Brian Catling is a poet, sculptor, performance artist and writer. He is a Professor of Fine Art at The Ruskin School of Drawing and Fine Art, Oxford. And, with the publishing of novel The Vorrh (the first in a trilogy) now a novelist whose work has been lauded by fellow Englishman Alan Moore (Watchmen, From Hell, V for Vendetta) with the following kind words:
Nowhere, though, is Catling’s way with literary clay revealed more eloquently than within the genuinely monumental pages of The Vorrh. It’s represented in the trilogy’s enormous mass and in its artful combination of bark, metal, mud and stone to build an edifice inside the reader’s mind; a tactile craftsman’s attitude that’s signalled from an unforgettable opening scene which centres on the manufacture of a legendary bow. The scene in question, from this brief description, might be taken for a standard trope of fantasy and myth that could derive from Tolkien, Robin Hood or Rama, were it not for the material of the item’s manufacture. With this early revelation, the intrigued and startled reader is informed that, if indeed this is a work of fantasy, it is a fantasy quite unlike anything they may have previously encountered in that much-abused and putatively primal genre.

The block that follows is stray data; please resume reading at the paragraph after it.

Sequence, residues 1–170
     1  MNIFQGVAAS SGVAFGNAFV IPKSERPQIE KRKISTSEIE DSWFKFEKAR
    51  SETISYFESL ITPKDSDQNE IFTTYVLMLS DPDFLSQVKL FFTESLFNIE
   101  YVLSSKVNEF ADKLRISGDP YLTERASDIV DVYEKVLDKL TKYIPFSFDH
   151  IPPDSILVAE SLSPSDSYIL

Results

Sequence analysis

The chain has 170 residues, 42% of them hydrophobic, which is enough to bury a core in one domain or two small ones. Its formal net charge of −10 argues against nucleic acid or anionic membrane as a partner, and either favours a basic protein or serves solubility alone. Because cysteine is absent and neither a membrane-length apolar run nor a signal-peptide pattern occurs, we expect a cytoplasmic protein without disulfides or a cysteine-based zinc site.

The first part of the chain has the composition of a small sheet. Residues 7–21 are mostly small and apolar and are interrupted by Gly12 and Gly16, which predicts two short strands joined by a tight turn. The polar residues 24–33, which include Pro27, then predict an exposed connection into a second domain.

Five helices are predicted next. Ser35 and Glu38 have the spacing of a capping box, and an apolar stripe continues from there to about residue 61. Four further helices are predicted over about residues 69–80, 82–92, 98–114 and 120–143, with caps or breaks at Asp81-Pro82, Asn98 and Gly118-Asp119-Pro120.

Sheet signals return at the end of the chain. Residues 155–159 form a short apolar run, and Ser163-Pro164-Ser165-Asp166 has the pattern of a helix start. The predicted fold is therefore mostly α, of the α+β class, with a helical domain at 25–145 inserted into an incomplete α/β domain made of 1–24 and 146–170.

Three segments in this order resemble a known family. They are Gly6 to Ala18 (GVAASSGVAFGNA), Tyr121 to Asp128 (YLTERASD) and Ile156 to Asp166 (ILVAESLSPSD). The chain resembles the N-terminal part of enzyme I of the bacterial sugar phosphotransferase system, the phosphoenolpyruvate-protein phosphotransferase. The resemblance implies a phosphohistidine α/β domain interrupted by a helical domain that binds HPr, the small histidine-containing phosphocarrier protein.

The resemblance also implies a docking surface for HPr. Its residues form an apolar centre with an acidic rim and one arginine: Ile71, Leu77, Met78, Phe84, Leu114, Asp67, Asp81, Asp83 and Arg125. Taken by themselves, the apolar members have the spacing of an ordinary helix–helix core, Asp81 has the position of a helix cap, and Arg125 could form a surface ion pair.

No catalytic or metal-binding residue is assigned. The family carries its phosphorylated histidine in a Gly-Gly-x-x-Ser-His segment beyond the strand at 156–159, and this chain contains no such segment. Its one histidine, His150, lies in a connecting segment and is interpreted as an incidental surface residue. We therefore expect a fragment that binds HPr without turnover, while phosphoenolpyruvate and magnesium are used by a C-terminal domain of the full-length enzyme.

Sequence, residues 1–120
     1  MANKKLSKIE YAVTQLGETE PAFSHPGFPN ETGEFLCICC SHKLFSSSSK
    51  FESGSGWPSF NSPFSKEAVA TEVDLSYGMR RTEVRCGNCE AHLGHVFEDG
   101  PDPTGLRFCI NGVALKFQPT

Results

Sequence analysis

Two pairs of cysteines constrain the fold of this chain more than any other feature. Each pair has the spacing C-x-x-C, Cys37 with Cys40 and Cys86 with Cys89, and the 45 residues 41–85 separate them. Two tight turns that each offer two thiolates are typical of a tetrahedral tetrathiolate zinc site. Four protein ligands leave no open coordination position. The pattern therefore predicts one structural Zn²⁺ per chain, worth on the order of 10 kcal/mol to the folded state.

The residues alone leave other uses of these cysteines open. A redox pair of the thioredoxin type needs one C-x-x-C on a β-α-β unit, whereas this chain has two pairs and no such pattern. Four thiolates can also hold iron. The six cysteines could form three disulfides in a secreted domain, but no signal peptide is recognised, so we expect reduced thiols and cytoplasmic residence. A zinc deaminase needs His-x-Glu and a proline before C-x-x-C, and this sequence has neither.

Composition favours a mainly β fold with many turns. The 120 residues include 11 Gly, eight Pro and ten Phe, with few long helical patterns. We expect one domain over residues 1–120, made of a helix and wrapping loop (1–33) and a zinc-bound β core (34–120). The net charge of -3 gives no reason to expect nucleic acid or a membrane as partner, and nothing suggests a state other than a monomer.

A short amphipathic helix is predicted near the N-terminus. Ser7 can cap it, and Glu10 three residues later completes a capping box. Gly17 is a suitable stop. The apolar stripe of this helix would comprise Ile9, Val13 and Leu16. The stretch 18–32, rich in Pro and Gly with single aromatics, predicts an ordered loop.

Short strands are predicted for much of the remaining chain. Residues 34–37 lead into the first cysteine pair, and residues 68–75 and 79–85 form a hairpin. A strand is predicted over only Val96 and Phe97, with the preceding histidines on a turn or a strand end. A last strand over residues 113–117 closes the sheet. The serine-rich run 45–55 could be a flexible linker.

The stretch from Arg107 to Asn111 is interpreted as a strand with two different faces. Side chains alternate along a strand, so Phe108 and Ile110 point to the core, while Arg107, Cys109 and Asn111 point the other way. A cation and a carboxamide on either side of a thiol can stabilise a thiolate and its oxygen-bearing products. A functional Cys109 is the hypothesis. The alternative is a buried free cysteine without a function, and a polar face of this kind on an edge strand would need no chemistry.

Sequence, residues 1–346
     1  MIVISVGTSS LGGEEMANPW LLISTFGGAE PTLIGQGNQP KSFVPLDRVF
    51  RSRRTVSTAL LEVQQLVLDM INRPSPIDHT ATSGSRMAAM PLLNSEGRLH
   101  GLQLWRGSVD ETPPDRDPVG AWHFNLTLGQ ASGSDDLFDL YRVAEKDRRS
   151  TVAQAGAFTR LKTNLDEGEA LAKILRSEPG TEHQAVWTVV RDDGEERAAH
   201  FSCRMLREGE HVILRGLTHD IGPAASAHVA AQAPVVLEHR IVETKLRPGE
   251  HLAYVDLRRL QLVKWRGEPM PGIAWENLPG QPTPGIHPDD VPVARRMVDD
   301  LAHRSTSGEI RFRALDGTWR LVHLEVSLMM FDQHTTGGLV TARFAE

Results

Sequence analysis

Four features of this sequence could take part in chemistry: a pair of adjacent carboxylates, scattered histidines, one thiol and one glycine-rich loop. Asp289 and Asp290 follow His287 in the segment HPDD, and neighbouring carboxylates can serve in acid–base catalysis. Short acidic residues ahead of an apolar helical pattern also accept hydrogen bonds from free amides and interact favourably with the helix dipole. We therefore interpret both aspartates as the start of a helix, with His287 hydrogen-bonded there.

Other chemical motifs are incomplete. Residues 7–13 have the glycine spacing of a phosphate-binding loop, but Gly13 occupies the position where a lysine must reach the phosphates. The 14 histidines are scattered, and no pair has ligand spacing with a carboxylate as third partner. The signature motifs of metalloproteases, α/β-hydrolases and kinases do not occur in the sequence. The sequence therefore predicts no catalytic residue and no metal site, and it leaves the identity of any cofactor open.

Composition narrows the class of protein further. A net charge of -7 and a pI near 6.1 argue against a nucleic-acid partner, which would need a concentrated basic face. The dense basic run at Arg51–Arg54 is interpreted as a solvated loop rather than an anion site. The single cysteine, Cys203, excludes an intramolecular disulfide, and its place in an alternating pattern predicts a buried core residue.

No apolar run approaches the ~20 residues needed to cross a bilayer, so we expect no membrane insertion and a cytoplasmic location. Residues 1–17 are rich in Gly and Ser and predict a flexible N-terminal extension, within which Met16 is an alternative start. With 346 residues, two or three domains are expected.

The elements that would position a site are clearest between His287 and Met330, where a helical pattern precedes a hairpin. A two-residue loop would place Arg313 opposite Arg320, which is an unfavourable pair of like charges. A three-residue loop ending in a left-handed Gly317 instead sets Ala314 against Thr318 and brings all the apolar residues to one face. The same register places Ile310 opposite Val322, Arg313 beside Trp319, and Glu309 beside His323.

Primal because in this field of things that never happen we can perhaps see the origins of the imagination as a human faculty, and much-abused because of the absurdly limited palette of concepts which have come to represent fantasy’s most identifiable features and markers. By definition, surely every fantasy should be unique and individual, the product of a single vision and a single mind, with all of that mind’s idiosyncrasies informing every atom of the narrative. A genre that has been reduced by lazy stylisation to a narrow lexicon of signifiers … wizards, warriors, dwarves and dragons … is a genre with no room for Bunyan’s Pilgrim’s Progress, arguably the earliest picaresque questing fantasy; for David Lindsay’s Voyage to Arcturus with its constantly morphing vistas and transmogrifying characters; for Mervyn Peake’s extraordinary Gormenghast books or for Michael Moorcock’s cut-silk Gloriana. It is certainly a genre insufficient to contain the vegetable eternities of Catling’s Vorrh.